In an alternative aspect, the oil is blown to a lower viscosity, but is allowed to build more viscosity in during the stripping step described below. In this alternative aspect, the blowing is continued for a time sufficient to obtain a blown oil blend having a viscosity of: at least 200 cSt at 40° C., preferably at least 300 cSt at 40° C., and in some instances at least 1500 cSt at 40° C. The blown oil is then stripped (as described below) to sufficiently body the oil to provide a blown, stripped oil having a viscosity of at least 500 cSt at 40° C., preferably at least 700 cSt at 40° C., and more preferably at least 730 cSt at 40° C., and in some instances at least 5000 cSt at 40° C.

For large size reactors, for example reactors able to blow 45,000 pounds of oil, even with good dispersion and small volume air bubbles, it may take longer (from 30 to 40 hours) to blow the oil to the desired viscosity (when the oil is at a temperature of from 105° C. to 115° C. at atmospheric pressure, at the rates described above, to achieve these desired viscosities. Longer sparging times typically will be necessary if the air is not evenly dispersed within the oil and/or the volume of the air bubbles are relatively larger.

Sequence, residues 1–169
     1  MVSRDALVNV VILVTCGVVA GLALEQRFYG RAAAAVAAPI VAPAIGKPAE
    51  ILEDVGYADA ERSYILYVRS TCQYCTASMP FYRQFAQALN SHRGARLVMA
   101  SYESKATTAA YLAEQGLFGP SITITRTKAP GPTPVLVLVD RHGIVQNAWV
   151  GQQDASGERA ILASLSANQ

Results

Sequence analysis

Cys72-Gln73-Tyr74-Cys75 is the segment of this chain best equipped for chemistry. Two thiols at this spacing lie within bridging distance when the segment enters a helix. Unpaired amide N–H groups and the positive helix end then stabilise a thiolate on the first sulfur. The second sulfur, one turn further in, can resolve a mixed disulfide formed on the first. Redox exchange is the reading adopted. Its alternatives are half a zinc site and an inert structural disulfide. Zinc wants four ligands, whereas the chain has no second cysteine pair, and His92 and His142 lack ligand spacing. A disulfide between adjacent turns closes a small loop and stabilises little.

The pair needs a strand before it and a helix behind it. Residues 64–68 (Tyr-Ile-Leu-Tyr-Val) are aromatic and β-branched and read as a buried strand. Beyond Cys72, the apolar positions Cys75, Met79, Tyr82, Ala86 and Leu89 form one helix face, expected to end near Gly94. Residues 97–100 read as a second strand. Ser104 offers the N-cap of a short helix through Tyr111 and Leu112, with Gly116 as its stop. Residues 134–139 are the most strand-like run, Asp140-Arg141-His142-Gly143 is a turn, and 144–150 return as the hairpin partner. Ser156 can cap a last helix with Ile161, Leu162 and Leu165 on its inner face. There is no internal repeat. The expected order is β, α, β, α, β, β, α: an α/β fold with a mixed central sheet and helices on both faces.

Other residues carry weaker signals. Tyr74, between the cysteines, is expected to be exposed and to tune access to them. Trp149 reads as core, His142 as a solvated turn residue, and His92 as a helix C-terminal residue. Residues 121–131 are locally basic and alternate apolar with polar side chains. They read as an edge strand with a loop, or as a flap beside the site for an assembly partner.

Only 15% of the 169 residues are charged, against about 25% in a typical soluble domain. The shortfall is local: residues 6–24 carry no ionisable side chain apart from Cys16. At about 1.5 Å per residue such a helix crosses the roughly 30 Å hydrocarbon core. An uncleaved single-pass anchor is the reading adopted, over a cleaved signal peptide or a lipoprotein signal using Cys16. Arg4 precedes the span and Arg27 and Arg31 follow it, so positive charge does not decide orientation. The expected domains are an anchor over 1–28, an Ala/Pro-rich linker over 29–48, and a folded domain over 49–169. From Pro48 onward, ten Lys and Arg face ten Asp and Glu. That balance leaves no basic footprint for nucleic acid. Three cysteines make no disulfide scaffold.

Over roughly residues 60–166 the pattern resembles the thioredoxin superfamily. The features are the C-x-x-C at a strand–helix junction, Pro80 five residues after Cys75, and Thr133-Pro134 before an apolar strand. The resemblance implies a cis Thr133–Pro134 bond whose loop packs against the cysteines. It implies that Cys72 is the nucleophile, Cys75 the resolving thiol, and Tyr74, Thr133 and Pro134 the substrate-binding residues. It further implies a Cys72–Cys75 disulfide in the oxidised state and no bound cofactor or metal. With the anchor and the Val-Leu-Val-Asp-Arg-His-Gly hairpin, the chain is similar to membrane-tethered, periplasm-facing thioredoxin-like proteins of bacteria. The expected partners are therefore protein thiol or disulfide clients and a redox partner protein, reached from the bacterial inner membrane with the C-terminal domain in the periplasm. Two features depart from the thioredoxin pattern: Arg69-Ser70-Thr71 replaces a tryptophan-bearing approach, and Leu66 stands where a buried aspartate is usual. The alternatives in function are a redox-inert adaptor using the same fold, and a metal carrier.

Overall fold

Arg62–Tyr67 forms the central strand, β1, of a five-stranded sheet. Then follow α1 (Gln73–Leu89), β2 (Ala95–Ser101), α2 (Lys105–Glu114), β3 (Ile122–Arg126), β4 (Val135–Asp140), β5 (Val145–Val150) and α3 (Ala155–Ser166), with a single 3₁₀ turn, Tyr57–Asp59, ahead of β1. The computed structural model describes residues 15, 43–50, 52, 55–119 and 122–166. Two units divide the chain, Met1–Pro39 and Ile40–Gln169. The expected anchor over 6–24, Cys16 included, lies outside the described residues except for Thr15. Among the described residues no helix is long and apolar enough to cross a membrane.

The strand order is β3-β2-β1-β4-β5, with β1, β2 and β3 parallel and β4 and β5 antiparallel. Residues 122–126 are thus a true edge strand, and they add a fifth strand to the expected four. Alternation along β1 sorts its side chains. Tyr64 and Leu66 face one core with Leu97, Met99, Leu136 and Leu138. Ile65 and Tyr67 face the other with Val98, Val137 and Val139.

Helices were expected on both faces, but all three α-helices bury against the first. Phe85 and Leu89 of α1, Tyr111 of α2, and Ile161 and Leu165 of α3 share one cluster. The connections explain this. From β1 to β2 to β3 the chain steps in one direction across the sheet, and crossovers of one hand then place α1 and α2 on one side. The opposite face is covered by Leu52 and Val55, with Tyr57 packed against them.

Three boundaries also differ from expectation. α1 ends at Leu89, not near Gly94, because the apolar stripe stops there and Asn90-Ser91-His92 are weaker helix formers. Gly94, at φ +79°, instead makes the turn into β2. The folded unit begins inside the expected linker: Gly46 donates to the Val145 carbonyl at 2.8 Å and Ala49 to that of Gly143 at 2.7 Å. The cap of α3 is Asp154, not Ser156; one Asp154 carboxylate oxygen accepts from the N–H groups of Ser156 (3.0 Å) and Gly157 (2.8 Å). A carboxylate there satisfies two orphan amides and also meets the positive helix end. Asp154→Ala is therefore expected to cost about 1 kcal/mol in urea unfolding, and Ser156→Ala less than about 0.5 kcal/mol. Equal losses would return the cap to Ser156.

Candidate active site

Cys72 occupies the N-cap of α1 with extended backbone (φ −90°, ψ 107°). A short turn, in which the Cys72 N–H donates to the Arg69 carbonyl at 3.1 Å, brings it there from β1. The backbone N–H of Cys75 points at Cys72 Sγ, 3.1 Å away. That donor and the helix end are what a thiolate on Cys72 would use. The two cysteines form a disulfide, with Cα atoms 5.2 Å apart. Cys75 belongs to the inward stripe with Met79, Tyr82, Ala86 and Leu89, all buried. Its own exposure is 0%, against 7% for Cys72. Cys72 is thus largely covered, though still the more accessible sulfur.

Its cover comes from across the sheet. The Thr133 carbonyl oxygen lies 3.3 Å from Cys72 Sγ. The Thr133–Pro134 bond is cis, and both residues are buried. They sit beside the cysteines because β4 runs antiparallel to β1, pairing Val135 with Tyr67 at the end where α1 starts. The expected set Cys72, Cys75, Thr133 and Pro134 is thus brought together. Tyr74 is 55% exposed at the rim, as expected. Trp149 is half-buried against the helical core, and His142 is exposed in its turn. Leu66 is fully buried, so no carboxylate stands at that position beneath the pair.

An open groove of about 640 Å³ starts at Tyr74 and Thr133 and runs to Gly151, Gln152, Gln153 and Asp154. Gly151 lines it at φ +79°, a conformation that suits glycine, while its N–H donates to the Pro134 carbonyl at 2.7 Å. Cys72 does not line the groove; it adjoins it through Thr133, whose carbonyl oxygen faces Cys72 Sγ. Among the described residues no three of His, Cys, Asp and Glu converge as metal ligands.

For agricultural adjuvant use, de-dust fluids, metalworking oils, and as additives to lower the softening point of asphalt the blowing is continued for a time sufficient to obtain a blown corn stillage oil having a viscosity of: at least 50 cSt at 40° C., preferably at least 60 cSt at 40° C.; and at least 10 cSt at 100° C., preferably at least 13 cSt at 100° C. This will provide an oil having a viscosity of at least 50 cSt at 40° C., preferably at least 60 cSt at 40° C.; and at least 10 cSt at 100° C., preferably at least 13 cSt at 100° C. With even dispersion and small volume air bubbles, air typically is sparged through the oil for from 2 to 8 hours (when the oil is at a temperature of from 105° C. to 115° C. at atmospheric pressure, at the rates described above, to achieve these desired viscosities. Longer sparging times typically will be necessary if the air is not evenly dispersed within the oil and/or the volume of the air bubbles are relatively larger. For large size reactors, for example reactors able to blow 45,000 pounds of oil, even with good dispersion and small volume air bubbles, it may take longer (from 20 to 30 hours) to blow the oil to the desired viscosity (when the oil is at a temperature of from 105° C. to 115° C. at atmospheric pressure, at the rates described above, to achieve these desired viscosities. Longer sparging times typically will be necessary if the air is not evenly dispersed within the oil and/or the volume of the air bubbles are relatively larger.